NERMEEN SHAIKH: President Obama also pledged to veto new sanctions on Iran while the interim nuclear deal is in effect, and renewed his call for the closure of Guantánamo Bay. On Afghanistan, President Obama said this year would see the end of the U.S. war, but he acknowledged some U.S. forces would remain in the country to train Afghan troops and carry out counterterrorism attacks.
PRESIDENT BARACK OBAMA: When I took office, nearly 180,000 Americans were serving in Iraq and Afghanistan. Today, all our troops are out of Iraq. More than 60,000 of our troops have already come home from Afghanistan. With Afghan forces now in the lead for their own security, our troops have moved to a support role. Together with our allies, we will complete our mission there by the end of this year, and America’s longest war will finally be over.
After 2014, we will support a unified Afghanistan as it takes responsibility for its own future. If the Afghan government signs a security agreement that we have negotiated, a small force of Americans could remain in Afghanistan with NATO allies to carry out two narrow missions: training and assisting Afghan forces, and counterterrorism operations to pursue any remnants of al-Qaeda. For while our relationship with Afghanistan will change, one thing will not: our resolve that terrorists do not launch attacks against our country.
AMY GOODMAN: We’re joined now by three guests.
Jeremy Scahill is producer and writer of the documentary Dirty Wars, which has been nominated for an Academy Award. He is also author of the book by the same name. He is a senior investigative reporter at First Look Media, which will launch in the coming months.
Bob Herbert is a distinguished senior fellow with Demos. From 1993 to 2011, he was an op-ed columnist for The New York Times.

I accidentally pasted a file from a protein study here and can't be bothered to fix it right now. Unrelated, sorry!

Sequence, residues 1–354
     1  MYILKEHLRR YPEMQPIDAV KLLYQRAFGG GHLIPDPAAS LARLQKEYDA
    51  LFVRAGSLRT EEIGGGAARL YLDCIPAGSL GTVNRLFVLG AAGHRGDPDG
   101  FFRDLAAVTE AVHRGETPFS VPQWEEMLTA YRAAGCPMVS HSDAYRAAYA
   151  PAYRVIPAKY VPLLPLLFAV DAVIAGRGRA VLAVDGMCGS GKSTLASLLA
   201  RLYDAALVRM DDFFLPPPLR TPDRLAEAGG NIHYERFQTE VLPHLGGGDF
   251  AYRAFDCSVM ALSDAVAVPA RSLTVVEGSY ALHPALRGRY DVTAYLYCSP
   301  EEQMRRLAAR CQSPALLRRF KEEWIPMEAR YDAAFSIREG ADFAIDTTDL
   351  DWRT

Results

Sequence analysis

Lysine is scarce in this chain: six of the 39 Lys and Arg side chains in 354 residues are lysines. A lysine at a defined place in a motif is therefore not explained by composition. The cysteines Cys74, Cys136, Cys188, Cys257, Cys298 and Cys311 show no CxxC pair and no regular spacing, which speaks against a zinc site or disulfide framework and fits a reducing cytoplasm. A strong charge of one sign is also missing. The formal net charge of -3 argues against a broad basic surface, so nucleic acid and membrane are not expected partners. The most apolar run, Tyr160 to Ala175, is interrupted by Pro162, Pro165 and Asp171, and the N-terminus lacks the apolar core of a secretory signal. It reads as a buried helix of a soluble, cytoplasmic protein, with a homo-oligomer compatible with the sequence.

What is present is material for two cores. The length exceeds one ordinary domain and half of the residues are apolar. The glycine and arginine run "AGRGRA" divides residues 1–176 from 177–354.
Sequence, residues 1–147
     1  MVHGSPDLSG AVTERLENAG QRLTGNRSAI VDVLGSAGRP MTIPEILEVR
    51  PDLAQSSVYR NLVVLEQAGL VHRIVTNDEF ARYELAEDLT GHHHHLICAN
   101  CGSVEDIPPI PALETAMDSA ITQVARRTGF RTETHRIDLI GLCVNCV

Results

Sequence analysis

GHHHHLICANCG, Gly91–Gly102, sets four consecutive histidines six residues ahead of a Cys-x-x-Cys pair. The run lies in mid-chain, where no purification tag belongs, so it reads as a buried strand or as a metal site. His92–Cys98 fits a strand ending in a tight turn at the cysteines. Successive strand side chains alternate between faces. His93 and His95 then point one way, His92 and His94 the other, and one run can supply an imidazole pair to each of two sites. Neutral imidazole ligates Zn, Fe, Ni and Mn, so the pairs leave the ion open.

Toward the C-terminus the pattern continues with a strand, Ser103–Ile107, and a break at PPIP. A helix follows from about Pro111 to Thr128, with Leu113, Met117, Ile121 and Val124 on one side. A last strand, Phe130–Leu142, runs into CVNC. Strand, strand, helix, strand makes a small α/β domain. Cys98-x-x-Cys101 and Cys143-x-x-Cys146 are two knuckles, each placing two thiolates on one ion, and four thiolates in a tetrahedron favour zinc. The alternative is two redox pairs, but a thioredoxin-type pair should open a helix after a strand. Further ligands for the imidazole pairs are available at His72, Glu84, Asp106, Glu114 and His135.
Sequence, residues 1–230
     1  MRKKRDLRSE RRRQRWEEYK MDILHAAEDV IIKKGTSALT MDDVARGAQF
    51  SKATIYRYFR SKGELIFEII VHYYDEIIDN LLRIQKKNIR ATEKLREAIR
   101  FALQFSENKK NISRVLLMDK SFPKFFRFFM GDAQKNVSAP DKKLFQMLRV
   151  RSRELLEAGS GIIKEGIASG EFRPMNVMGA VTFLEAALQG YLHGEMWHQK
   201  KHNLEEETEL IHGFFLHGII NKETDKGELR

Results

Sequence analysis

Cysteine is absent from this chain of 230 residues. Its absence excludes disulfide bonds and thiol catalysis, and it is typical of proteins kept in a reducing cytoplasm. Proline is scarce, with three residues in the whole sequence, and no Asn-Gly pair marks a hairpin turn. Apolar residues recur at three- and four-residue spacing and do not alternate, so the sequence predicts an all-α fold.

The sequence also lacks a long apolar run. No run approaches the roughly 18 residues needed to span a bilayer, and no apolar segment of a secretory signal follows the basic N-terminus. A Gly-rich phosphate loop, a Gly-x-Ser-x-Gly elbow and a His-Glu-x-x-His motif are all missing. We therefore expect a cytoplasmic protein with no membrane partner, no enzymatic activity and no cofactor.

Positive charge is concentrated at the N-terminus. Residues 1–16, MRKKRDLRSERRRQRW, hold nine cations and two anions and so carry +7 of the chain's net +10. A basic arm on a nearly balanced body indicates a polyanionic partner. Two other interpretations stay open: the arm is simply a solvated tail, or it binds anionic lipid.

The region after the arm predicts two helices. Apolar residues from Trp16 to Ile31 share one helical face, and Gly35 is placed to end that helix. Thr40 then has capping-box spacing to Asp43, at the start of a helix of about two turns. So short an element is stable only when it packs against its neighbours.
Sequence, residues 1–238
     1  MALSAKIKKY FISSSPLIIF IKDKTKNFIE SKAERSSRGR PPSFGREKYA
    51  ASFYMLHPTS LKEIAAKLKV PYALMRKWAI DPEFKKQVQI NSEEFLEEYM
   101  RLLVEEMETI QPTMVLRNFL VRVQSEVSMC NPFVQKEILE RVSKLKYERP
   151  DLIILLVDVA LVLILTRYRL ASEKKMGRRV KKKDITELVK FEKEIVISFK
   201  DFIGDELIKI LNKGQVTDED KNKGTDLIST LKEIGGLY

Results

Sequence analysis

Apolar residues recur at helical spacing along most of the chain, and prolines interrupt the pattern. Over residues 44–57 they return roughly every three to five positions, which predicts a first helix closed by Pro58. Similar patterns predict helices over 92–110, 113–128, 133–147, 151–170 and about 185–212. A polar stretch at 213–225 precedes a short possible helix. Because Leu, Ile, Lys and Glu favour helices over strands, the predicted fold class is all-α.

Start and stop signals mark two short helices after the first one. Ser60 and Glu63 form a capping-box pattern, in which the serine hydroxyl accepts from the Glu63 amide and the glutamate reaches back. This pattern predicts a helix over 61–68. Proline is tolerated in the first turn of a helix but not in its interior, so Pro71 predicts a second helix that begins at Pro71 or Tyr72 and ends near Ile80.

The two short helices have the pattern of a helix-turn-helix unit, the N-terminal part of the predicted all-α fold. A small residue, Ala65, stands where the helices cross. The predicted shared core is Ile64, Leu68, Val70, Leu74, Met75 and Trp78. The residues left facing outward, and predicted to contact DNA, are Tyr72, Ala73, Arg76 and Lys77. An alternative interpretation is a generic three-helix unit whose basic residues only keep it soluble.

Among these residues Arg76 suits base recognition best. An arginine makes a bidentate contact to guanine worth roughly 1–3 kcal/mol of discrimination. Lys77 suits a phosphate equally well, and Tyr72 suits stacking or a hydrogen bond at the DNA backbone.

And Lorella Praeli is with us, director of advocacy and policy at the United We Dream coalition. She attended President Obama’s State of the Union address at the invitation of Democratic Congressmember Zoe Lofgren of California.
We welcome you all to Democracy Now! to get reaction to the State of the Union address. We’ll be playing excerpts of President Obama’s speech. Bob Herbert, though, just to begin, from each of you, let’s get an overall reaction to the address.
BOB HERBERT: Well, you know, I thought the president had been dealt a tough hand, in part because of Republican obstructionism, in part because of some missteps on his own—excuse me. And I think he played that hand about as well as you could have expected last night. It was a pretty good speech, maybe a little too long. I think they’re all too long. But it was a pretty good speech. He highlighted a lot of things. He defended the Affordable Care Act in a way that the Democrats had not done for quite a while. And, you know, I give him pretty good marks on the speech. It was a—it was a tough task that he had.
AMY GOODMAN: Lorella Praeli?
LORELLA PRAELI: Good morning. I think that he could have done a lot better on immigration. I think that the president started and used really the framework of this is a year of action; whether or not Congress acts, I can and will do more. And I think he recognized many struggles, but didn’t really recognize the pain that his deportation policies continue to cause in our community. We’re about to hit two million deportations. And so, there could have been a greater acknowledgment of the pain and the reality in America that is the result of inaction in Congress, but also of a president that has chosen to lead with a deportation-first policy. And so, we think that he could have done more. We think that he should have said that "I will also use my pen to take action until Congress decides to act on immigration."
AMY GOODMAN: And Jeremy Scahill?